To be clear, I don’t think Clark’s use of sexual violence is inappropriate. It’s a way of emphasizing how powerless even respectable, comparatively high ranking Qazāli are against Balladairans. It raises the stakes and underscores the novel’s themes, and it’s treated with the gravity it deserves. I just think there was probably a way to do all of that without exposing what I imagine is an audience of primarily queer women and/or women of color to yet more depictions of sexual violence against queer women of color.
That said, I have recommended The Unbroken to several friends and will continue to do so, with the necessary caveats.
I think it will especially appeal to fans of Jacqueline Carey’s Kushiel series and N. K. Jemisin’s Dreamblood duology, but anyone who loves political fantasy with meticulous world building should give it a try. It’s ambitious and textured and spectacularly well written. I’m glad I read it, and I look forward to the sequel. I’m just going to make sure I have something fluffy to chase it with.
I’m always torn on whether or not I want to provide detailed content warnings for the books I review. Some people consider them spoilers, some people consider them essential. More importantly, I don’t want anyone who depends on my list to come across an unexpected trigger because I failed to remember or mention it.
Fortunately, C. L. Clark has a list on their website, so I’m just going to quote that here:
depictions of colonial violence, gore, past attempted rape, threats of rape, threats of torture
One problem with checking giant stacks of books out from the library at once is I never remember what those books are about when I get them home or why I checked them out.
After a pair of depressing adult fantasy books (Passing Strange and The Unbroken, review of the latter coming soon), I was craving some lighthearted YA adventure. So I picked up Thorn by Intisar Khanani. The cover’s so pretty! And it has such a nice coming-to-market story! Surely, I thought, this is a book that will cheer me up after reading 600-something pages of violence against women.
I was mistaken.
I did like Thorn. The writing is compulsively readable, and the major twist was both surprising and satisfying. If I decide to read it again in a different headspace, I might even come to love it. I just didn’t enjoy reading it when I did.
Another thing I was mistaken about: Home Fire by Kamila Shamsie is partially set in the U.S., so I’m not going to be using that book to fulfill the non-US centric category.
Instead, I’m reading I’ll be the One by Lyla Lee. Somehow, I wasn’t aware of this YA novel about a fat (!) bisexual (!!) girl trying to become a K-Pop star when I created my initial list, so this was a happy accident. I’m stoked.
After Thorn, I took a break to read Rule of Wolves by Leigh Bardugo, because I needed something dependable. Also, my hold had come in and I didn’t want to wait to get to the front of the line again. It has mixed reviews on Goodreads, but I really liked it. Probably because one of the POV characters is a fat bisexual girl.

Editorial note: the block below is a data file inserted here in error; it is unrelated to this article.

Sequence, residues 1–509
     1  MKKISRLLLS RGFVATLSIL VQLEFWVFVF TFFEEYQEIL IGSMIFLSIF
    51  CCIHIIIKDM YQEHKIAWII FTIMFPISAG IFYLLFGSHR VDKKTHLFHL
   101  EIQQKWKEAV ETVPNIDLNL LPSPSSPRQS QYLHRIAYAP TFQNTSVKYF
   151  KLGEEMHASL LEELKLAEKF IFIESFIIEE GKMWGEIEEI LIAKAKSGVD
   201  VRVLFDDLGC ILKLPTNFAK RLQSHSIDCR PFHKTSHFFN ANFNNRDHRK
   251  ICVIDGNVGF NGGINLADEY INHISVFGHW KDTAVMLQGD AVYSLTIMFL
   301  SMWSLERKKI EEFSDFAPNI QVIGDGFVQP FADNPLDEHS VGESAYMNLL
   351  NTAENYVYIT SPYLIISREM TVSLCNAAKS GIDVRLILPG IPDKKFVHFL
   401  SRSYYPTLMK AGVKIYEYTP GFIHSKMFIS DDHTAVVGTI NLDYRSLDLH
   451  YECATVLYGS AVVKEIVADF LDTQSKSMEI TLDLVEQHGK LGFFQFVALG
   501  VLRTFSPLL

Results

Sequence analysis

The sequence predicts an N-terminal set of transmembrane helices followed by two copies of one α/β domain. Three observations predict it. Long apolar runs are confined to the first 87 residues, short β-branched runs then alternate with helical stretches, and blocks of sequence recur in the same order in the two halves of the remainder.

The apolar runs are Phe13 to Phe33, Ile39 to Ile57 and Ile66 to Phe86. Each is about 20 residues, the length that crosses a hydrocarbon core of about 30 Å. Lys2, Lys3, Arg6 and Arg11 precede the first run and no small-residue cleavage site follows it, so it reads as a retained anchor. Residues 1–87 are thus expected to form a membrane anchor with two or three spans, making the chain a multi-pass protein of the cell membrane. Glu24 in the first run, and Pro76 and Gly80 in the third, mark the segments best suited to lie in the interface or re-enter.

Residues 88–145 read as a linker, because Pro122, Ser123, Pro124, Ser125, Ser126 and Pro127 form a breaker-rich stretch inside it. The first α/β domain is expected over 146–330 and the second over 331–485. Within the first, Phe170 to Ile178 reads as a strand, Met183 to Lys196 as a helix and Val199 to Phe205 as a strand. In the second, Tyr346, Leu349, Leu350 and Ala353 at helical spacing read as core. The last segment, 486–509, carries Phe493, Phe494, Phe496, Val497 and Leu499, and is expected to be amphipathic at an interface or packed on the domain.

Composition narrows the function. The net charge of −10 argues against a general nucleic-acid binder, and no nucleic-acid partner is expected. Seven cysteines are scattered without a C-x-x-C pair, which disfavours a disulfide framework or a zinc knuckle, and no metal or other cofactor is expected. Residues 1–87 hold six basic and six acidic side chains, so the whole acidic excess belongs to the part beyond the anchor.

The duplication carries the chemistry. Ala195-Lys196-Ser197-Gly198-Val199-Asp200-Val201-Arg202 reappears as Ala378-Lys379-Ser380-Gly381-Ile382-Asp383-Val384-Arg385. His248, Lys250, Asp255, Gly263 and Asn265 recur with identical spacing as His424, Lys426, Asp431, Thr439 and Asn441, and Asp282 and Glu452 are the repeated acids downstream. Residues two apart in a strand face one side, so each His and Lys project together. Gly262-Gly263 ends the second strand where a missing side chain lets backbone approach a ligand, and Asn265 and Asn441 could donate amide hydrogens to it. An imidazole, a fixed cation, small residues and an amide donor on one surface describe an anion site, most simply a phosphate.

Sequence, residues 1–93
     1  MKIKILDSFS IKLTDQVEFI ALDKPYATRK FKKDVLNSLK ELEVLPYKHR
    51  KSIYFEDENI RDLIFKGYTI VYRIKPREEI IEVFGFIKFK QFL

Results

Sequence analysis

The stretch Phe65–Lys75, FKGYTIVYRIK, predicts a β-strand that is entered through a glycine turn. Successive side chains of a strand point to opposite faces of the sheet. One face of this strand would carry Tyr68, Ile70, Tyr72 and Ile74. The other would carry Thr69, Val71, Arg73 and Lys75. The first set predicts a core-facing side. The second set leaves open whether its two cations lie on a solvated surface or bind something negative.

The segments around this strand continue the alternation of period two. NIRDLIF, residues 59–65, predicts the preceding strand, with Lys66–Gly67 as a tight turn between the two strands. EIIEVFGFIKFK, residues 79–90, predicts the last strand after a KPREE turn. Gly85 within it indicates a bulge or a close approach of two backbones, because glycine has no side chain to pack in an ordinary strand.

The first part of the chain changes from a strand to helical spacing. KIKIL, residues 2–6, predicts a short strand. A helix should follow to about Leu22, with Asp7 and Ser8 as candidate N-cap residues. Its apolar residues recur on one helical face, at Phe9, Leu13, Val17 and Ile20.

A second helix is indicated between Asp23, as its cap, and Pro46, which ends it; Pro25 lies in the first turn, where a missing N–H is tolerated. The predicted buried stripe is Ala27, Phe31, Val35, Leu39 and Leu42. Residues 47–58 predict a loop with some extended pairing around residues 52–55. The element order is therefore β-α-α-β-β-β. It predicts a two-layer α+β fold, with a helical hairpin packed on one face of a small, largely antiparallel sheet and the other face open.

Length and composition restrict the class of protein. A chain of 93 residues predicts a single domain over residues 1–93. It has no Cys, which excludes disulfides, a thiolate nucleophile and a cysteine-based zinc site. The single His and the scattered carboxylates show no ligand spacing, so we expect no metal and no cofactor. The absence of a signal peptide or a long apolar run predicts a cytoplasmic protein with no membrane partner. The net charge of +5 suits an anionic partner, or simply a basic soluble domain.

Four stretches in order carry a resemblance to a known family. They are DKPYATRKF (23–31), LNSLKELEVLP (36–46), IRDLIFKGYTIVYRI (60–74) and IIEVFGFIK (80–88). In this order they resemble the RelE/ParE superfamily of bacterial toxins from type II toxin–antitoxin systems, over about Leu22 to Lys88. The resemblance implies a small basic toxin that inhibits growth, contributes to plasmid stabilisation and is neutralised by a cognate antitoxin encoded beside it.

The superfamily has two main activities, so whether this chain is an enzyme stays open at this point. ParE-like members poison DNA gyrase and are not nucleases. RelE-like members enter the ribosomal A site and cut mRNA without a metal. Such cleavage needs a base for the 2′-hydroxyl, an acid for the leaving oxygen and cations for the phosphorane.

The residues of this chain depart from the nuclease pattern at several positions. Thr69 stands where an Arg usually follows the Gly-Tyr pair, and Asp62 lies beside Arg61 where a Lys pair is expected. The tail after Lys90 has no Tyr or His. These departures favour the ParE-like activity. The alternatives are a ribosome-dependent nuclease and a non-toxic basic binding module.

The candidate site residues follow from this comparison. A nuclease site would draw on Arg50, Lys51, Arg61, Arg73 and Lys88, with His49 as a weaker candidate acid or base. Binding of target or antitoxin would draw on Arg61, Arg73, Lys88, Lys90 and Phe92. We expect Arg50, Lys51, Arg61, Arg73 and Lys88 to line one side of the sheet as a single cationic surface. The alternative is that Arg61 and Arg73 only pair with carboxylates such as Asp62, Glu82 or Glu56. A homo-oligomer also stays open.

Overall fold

By then, I was craving something to bring down my average page count. I chose The Collected Schizophrenias by Esme Weijun Wang. It’s a collection of personal essays about mental and physical illness, art, science, magic, and legacy.
Surprisingly, it’s also one of the lighter books I’ve read this year. It’s not inspiration porn by any stretch, but it’s also not trauma porn. It’s about how Weijun Wang has sought to make meaning out of her pain.
I’m currently reading A Crown of Wishes by Roshani Chokshi, which I hope will turn out to be at least 2 parts Yearning for every 1 part Suffering. So far, so good.
Minor spoilers for the first half of Gods and Jade and Shadow here. I’m not ruining any reveals, but if you’re touchy about spoilers, come back when you’ve read it.
Gods of Jade and Shadow is the first book I’ve read by Silvia Moreno-Garcia, and when I said I “read” it, what I mean is that I inhaled it. You know how sometimes you’re in a slump, you have no motivation to read anything, and you can’t seem to even find any books to try to read that you don’t instantly hate? Then you get a book kind of at random, and it takes your breath away and makes you want to stop sleeping and bathing so you can spend more time reading?
Gods of Jade and Shadow was that book for me. It strikes the perfect balance between fairytale and coming-of-age romance, darkness and optimism, quick pacing and deliberateness. Everything about this book feels thoughtful and controlled, but it’s still fun and even pretty light-hearted, which I desperately needed between reading Passing Strangeand The Unbroken.
The story is a Mayan-inspired fantasy about Casiopea Tun, a seventeen-year-old with “a knack for quiet insurrection,” who lives as a servant in her maternal grandfather’s home. Although she lives in the largest house in their small town, Casiopea is an outsider, walled off from her neighbors by her family’s wealth but simultaneously abused and neglected by her family for her father’s indigenous heritage.